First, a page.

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Operation Matterhorn: Everything Thomas Cook customers abroad need to know

Chris Graham
A general view of the Thomas Cook check-in desks in the South Terminal of Gatwick Airport - PA

Britain's biggest ever peacetime repatriation has got under way in an effort to bring home 150,000 holidaymakers who were stranded after the collapse of Thomas Cook.

The move comes after travel giant Thomas Cook ceased trading in the early hours of Monday after failing to secure a last-ditch rescue deal. 

Codenamed Operation Matterhorn, Richard Moriarty, chief executive of the CAA, said it had launched "what is effectively one of the UK's largest airlines" in order to repatriate British holidaymakers.

He said: "News of Thomas Cook's collapse is deeply saddening for the company's employees and customers, and we appreciate that more than 150,000 people currently abroad will be anxious about how they will now return to the UK.

Here's everything you need to know about the operation.

You can head here for advice on what to do if you have an upcoming holiday booking with Thomas Cook.

How will people be brought home?

Transport Secretary Grant Shapps said dozens of charter planes, from as far afield as Malaysia, have been hired to fly customers home and hundreds of people were working in call centres and at airports.

Mr Shapps said: "Thomas Cook's collapse is very sad news for staff and holidaymakers.

"The Government and UK CAA is working round the clock to help people.

"But the task is enormous, the biggest peacetime repatriation in UK history. So there are bound to be problems and delays.

"Please try to be understanding with the staff who are trying to assist in what is likely to be a very difficult time for them as well."

The operation is significantly larger than the one conducted after the collapse of Monarch Airlines two years ago. 

When will stranded customers return home?

The Department for Transport (DfT) said all customers currently abroad with Thomas Cook who are booked to return to the UK over the next two weeks will be brought home as close as possible to their booked return date.

The CAA noted that repatriation flights are only available for passengers whose journey originated in the UK.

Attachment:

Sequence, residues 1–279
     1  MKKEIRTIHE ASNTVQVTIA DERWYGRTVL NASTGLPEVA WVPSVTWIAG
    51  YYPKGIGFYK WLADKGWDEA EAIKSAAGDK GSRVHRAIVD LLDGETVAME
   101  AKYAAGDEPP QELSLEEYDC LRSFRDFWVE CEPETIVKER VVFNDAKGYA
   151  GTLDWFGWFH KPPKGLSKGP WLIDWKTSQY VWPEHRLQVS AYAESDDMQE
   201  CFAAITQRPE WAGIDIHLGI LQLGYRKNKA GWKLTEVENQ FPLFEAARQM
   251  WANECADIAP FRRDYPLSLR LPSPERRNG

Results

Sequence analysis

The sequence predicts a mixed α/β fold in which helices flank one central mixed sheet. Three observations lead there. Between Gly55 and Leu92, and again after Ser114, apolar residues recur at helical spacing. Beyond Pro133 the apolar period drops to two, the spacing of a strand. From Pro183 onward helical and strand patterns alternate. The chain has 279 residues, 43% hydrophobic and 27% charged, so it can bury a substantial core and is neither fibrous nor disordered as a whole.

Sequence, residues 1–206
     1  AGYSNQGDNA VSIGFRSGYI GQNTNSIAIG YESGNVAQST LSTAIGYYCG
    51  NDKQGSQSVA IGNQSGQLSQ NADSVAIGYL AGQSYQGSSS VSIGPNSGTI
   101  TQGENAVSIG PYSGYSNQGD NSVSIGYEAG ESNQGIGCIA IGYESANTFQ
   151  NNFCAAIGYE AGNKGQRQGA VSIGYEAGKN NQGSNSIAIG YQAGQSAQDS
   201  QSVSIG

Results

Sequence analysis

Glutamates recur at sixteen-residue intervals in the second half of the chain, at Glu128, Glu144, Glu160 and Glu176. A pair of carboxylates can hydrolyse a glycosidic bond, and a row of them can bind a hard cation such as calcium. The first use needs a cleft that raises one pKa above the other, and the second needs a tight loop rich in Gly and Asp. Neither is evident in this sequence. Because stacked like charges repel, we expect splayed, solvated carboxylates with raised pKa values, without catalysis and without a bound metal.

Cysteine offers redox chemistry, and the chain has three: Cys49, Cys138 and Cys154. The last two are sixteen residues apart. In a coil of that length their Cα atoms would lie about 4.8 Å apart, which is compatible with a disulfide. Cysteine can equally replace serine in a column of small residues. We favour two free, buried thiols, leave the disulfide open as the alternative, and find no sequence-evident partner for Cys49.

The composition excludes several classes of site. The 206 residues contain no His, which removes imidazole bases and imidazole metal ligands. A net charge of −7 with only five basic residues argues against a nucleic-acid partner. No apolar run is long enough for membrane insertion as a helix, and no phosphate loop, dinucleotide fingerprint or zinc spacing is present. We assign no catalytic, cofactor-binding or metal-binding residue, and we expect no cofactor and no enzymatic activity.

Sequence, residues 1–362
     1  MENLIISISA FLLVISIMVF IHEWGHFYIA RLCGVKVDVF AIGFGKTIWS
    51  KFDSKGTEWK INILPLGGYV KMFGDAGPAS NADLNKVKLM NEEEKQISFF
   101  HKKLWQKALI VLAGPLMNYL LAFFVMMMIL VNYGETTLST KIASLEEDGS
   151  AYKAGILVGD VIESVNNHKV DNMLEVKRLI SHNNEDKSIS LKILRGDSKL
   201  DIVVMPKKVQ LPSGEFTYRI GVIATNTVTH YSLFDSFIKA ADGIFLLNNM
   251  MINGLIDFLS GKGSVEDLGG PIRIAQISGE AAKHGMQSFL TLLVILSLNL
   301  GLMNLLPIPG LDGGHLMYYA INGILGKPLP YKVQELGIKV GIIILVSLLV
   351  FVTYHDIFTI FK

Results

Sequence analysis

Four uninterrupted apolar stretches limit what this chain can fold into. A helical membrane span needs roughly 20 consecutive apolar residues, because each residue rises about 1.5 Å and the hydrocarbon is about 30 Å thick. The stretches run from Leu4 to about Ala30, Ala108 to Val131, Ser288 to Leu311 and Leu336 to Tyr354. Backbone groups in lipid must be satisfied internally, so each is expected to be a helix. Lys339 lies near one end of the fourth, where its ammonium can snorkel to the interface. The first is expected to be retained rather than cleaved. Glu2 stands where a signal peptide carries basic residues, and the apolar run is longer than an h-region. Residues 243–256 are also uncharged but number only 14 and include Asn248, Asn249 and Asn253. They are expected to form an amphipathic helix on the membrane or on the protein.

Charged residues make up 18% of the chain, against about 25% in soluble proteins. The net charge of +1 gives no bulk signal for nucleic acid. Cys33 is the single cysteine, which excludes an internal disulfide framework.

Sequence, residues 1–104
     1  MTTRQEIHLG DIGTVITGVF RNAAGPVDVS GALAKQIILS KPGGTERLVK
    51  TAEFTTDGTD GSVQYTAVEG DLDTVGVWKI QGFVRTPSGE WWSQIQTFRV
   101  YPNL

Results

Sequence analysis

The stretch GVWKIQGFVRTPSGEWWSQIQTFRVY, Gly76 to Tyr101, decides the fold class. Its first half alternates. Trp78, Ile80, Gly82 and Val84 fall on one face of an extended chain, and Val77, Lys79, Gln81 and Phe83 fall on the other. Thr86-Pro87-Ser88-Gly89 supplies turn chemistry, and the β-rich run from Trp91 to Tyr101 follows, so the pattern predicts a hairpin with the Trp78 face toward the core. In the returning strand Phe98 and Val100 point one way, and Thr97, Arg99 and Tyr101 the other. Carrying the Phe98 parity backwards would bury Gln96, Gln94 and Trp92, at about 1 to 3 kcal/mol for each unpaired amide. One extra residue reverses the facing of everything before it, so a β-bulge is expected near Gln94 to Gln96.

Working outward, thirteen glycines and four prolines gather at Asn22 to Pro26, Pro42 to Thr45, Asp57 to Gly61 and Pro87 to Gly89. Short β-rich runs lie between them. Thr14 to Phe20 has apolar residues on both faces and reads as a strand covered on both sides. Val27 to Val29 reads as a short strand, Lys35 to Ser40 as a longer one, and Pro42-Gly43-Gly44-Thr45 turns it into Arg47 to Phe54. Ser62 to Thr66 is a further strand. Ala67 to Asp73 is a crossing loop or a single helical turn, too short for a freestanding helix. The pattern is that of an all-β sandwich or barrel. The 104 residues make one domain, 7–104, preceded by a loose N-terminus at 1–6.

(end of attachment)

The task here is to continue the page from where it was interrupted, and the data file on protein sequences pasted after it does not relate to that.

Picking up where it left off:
In the cases where some of Thomas Cook's package holiday bookings include flights with other airlines, your return flight will still be valid.

The repatriation programme only runs to Sunday 6 October.

Customers currently overseas should not travel to the airport until their flight back to the UK has been confirmed on the dedicated website thomascook.caa.co.uk.

Will customers have to pay for their flights home?

No. Thomas Cook package holiday customers will see the cost of their accommodation covered by the Government, through the Air Travel Trust Fund or Atol scheme, the DfT said.

When Monarch Airlines went bust in October 2017, the Government spent £60 million hiring planes to get passengers home. A figure has not been given but bringing back Thomas Cook passengers will likely cost more than this.

What is the ATOL scheme?

An Air Travel Organisers Licence (ATOL) protects you from losing your money or being stranded abroad. Travel firms selling air holiday packages must have an ATOL and must issue a certificate to you to prove that protection is in place.

If your tour operator were to fail, the CAA will make a refund to you, or, if you're abroad, it will arrange for you to finish your holiday and fly home.

What if the hotels are for more money?

If you are currently abroad on an ATOL protected package holiday, the Civil Aviation Authority will seek to guarantee your stay directly with your hotel.

The CAA notes that if your hotel is requesting payment from you, please call their call centre on +44 1753 330 330.

It advises you not to make a payment to your hotel unless instructed otherwise by the CAA team.

What if I am not ATOL protected?

ATOL protection generally only covers tourists who buy package deals. It also applies to some flight-only bookings, particularly when the tickets are not received immediately.

But if you bought a flight directly with an airline it is unlikely you will be covered. 

Under normal circumstances, passengers who are not ATOL protected would be asked to find, and pay for, their own way home.

Holidaymakers can usually apply to their credit or debit card provider to be reimbursed. Not all travel insurance policies provide coverage when a firm collapses.

But in this case, the DfT said everyone on a Thomas Cook holiday with a return flight to the UK within the two weeks will be brought home free of charge, whether they are Atol protected or not and regardless of their nationality.

You probably wont be entitled to make a claim for out of pocket expenses and additional nights of hotel accommodation.  But you may be able to claim from your travel insurer, bank or your credit card issuer.

What about future holidays?

All Thomas Cook holidays have been scrapped so if you have an upcoming Thomas Cook Airlines flight leaving from the UK, do not go to your UK airport.

Operation Matterhorn does not cover any outbound flights from the UK. And if you choose to book a new flight with another airline out of the UK, you will not be eligible for a repatriation flight.

You should be able to get a refund though. The CCA has details on how you can claim here.

What will happen to Thomas Cook shops and airlines?

Thomas Cook has around 600 stores on UK high streets which are expected to close. Thomas Cook Group employs around 21,000 people in 16 countries.

All flights have been cancelled, according to the CAA. Those based in the UK, Scandinavia and the Balearics carry the group's name, while their German sister company is named Condor.